Rockers and R&B heads had long been in the business of indulging the gluttonous appetites of their fans with double albums—long before rappers took up the trade. Honestly, it took 2Pac’s seminal 1996 double effort, All Eyez On Me, to make the practice trendy in hip-hop nation.

Fresh out of the bing, ’Pac hit the studio to begin recording his Death Row Records debut. He’d joined the West Coast powerhouse while incarcerated, and with so much to get off his chest, the sessions produced an epic output for his fifth studio album. So the powers that be decided to give ’Pac’s army of thugs what they wanted, 27 tracks of Mr. Shakur at his finest. Of course, the success of the album would inspire his peers to follow suit. From the greats—Biggie, Jay-Z and Nas—to the lesser knowns, like Lil Flip, rappers saw fit to maximize their output.

Today, with Bow Wow and Flo Rida talking about doubling up for their next release, I feel compelled to 1) Advise them both to not to do it, and 2) Share my Top 5 double albums of all time.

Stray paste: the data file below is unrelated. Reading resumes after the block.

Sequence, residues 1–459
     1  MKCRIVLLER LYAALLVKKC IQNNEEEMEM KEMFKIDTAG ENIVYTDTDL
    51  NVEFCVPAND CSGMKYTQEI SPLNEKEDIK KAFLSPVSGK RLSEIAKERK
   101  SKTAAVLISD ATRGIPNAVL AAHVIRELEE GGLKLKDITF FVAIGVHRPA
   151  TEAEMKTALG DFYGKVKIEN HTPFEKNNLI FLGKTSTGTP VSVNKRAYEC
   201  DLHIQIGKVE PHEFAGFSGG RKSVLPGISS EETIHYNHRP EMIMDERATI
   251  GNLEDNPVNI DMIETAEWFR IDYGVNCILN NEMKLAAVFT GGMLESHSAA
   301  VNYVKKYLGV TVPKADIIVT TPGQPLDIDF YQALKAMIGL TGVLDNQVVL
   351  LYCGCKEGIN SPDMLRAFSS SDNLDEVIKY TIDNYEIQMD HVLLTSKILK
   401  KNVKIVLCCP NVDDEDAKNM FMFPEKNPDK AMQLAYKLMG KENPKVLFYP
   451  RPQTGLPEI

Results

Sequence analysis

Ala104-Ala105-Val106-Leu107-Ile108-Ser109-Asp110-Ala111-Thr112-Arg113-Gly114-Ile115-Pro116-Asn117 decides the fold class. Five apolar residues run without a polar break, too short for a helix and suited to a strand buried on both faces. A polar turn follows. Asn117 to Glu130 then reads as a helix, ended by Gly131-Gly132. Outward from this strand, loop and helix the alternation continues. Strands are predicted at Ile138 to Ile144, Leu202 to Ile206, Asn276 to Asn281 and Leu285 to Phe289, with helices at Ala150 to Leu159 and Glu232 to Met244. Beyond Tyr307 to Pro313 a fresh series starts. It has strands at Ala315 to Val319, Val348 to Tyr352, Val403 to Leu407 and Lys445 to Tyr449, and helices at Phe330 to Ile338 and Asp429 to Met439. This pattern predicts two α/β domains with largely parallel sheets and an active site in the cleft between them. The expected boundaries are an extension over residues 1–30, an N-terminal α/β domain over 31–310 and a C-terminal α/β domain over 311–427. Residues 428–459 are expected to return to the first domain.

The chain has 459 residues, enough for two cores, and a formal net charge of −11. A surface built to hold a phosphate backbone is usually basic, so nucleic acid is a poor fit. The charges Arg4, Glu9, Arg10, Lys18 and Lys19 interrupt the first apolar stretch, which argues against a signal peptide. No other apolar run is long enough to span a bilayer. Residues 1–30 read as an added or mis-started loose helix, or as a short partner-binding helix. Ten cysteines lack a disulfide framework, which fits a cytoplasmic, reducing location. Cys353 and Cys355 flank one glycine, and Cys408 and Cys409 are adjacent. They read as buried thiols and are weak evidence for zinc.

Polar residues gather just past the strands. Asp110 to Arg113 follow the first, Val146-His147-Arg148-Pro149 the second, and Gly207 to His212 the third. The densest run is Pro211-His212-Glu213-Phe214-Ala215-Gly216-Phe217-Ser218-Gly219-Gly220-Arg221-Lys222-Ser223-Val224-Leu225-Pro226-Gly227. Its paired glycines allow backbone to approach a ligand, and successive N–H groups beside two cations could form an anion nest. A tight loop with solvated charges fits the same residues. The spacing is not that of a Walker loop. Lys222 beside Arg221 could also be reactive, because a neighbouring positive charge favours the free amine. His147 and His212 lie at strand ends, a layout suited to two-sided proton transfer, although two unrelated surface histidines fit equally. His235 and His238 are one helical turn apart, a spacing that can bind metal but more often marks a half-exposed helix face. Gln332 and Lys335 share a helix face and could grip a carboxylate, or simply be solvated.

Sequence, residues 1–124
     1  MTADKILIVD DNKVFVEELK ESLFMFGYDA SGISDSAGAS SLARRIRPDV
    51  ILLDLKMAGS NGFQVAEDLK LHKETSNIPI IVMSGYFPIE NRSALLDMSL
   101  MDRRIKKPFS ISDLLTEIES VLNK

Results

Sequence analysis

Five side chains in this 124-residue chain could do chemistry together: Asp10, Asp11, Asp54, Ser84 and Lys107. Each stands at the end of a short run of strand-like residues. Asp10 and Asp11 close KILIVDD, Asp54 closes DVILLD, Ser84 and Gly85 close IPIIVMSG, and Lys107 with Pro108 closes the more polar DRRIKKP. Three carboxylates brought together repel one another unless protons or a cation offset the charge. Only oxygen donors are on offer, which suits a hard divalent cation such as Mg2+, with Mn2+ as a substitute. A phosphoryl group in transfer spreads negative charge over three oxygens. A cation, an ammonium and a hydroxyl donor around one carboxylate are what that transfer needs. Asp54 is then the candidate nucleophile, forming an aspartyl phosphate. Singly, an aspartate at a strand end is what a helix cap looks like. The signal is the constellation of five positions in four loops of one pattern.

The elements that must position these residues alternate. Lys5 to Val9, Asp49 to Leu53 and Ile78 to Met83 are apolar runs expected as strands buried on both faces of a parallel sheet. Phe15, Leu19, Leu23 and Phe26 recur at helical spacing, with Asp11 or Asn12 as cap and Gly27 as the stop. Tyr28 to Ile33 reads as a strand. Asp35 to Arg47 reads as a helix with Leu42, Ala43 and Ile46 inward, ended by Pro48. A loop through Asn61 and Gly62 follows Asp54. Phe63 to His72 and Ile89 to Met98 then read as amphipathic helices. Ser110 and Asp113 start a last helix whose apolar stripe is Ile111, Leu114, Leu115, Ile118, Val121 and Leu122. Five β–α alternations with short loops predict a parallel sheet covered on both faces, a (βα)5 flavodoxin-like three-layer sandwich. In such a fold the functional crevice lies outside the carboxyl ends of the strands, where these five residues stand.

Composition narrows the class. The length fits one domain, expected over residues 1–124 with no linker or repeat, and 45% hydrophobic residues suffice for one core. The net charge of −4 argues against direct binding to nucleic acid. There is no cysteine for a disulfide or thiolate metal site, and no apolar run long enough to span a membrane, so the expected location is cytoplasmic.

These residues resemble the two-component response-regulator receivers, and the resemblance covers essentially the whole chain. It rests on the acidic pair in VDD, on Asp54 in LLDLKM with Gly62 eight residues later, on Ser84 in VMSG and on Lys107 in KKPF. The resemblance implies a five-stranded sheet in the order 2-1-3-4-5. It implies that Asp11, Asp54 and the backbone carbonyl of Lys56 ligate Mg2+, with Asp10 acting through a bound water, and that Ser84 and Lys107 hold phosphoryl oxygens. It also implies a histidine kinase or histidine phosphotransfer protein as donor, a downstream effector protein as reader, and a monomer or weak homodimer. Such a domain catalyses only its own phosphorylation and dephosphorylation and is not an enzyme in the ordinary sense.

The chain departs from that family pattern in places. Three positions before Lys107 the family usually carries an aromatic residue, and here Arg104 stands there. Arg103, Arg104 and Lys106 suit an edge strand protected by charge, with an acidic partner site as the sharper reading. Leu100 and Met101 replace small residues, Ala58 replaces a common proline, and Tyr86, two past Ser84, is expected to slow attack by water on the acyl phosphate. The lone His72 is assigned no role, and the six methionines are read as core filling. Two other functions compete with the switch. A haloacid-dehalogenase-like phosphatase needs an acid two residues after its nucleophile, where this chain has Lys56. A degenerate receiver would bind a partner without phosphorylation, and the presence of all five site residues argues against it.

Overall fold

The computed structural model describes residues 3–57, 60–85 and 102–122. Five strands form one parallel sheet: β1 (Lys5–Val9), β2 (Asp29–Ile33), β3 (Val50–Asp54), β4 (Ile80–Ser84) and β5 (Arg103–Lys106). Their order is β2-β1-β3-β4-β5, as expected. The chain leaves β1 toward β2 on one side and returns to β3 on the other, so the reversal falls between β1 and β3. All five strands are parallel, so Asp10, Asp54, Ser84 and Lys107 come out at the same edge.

The list is brief, because let’s face it, this twofold approach ain’t for everyone. I’m sure Jay and Nas would agree that their double albums, Blueprint 2: The Gift & The Curse and Street Disciple, respectively, weren’t their finest product. And while I would love to put OutKast’s Speakerboxxx/Love Below on here, I can’t truthfully co-sign it knowing that while I think Love Below is one of the best pieces of music in the past decade, I’ve probably listened to the Speakerboxx maybe twice. Nevertheless I’ve got this exclusive list of albums that are my go-to Top 5 double albums of all-time. —Rondell Conway

Notorious B.I.G.’s Life After Death
Released: March 1997
Disc 2 > Disc 1

I still vividly remember the day this album came out. I copped it at the old Virgin Megastore on 34th street. Just listening to the first four tracks on Disc 1; it had the feel of a classic. The Mad Rapper skit was crazy. Still, as much as I was feeling the joints on the first disc—“Hypnotized,” “Fuckin’ You Tonight,” “Ten Crack Commandments”—I really connected with the second disc. Given that I was on my knucklehead shit back then, tracks like “Niggas Bleed,” “You’re Nobody” and “My Down Fall” had me on that Brooklyn bullshit for real. Overall, this album is flawless in my eyes.